I’ve had The Firefly Witch on my bookshelf since it was published a few years ago and I finally had a chance to read it – and I’m glad I did. Set in the Massachusetts Bay Colony in 1662, we meet Circe: a red-haired girl with an amazing skill for weaving. Despite her talents, she doesn’t fit in well with her Puritan family and community (for reasons that are quickly made clear).
Overall, although I had mixed feelings about this book, they were largely positive. I was pulled in immediately by the strong opening, became fully immersed in this imagined world that the author created (and, yes, I did put my 17th-century historian’s hat away and just went along for the ride).
Although I appreciated that the book was set in the 17th century, it was more fantasy than realistic—which is totally fine because it made for a much-needed ‘fun’ read for me after so many nonfiction books to read for work—but there were some elements that jarred with me. I thought she did a great job of making a menacing Matthew Hopkins-type witchfinder and incorporating some of the mindset from the time, but it seemed like most (if not all) the Puritan characters were totally irredeemable: it would have been nice to show at least one of them in a more favourable light.
The male lead/love interest, however, came in around the halfway point and I never really warmed to him — which I lamented because up until around that area I was absolutely in love with the story. I’m a native Spanish speaker, so I was jolted out of the story several times when the male lead called Circe ‘pequeño’- which in this context means ‘little one’ as in boy – and it should have been ‘pequeña’ as that is the term of endearment version to give to a female (maybe this is why I found his character a little irritating).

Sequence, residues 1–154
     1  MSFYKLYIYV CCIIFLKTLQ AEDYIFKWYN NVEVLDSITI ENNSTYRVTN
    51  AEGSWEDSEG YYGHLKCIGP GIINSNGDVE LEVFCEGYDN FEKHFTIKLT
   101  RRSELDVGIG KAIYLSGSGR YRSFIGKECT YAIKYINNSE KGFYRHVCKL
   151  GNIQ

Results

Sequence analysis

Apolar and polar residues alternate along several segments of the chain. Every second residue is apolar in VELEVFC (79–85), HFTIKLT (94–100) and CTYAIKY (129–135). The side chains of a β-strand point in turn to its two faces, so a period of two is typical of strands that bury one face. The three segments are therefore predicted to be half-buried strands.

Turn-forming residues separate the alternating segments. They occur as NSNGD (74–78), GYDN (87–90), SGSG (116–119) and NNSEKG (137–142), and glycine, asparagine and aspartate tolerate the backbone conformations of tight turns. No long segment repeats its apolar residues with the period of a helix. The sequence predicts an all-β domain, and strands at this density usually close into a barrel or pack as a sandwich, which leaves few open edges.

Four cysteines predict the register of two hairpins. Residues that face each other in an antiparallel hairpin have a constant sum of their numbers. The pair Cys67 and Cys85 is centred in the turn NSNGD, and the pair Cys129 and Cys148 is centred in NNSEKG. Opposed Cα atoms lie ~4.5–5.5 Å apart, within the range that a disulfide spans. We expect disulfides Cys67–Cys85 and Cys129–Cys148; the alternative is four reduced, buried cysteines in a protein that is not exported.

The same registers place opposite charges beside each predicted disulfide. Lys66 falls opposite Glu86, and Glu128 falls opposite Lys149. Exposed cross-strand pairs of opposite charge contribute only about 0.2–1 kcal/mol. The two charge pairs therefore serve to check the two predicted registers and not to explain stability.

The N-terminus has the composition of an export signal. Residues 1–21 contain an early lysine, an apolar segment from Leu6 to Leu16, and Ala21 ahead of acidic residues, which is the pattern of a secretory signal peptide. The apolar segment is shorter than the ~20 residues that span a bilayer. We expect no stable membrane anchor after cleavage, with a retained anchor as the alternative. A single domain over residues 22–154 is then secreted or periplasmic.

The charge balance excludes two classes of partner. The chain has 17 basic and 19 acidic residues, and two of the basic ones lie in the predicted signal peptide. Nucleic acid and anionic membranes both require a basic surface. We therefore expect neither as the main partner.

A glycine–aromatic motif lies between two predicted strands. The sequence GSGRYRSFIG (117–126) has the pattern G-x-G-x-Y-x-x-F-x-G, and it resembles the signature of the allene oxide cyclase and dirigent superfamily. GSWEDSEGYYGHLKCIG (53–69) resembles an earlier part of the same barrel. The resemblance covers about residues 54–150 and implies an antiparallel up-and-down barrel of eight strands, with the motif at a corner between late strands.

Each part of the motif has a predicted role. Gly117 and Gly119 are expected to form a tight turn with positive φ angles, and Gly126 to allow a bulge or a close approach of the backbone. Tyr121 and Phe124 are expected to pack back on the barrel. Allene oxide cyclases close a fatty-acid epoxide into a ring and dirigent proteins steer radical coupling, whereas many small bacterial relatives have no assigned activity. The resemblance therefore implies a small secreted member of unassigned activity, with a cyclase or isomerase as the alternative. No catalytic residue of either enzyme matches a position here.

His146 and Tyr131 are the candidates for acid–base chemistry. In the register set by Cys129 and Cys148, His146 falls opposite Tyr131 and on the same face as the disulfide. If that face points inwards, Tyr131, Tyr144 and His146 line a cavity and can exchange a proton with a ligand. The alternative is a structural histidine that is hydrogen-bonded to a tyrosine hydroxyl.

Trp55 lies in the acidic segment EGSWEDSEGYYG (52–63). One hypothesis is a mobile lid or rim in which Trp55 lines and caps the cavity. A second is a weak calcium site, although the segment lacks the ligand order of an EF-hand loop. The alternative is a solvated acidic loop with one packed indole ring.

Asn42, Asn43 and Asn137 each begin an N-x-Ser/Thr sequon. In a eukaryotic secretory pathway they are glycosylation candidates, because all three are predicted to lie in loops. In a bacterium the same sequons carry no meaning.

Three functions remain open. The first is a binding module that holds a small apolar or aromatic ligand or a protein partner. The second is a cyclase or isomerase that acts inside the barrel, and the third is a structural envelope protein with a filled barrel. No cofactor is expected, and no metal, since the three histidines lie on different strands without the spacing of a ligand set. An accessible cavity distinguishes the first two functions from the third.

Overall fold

Other than that, I really enjoyed everyone else but I was particularly interested in the character of Bullfrog – what a thoroughly unique individual. I almost wished (many, many times) that he was the romantic lead – but maybe that’s just me! And Ruith was another character who quickly endeared herself to me.
Although this can be a standalone book, it paves the way for further works and it is indeed the first in The Bold Women of the 17th Century series. I’d probably enjoy going back into the world Hughes created for some escapism.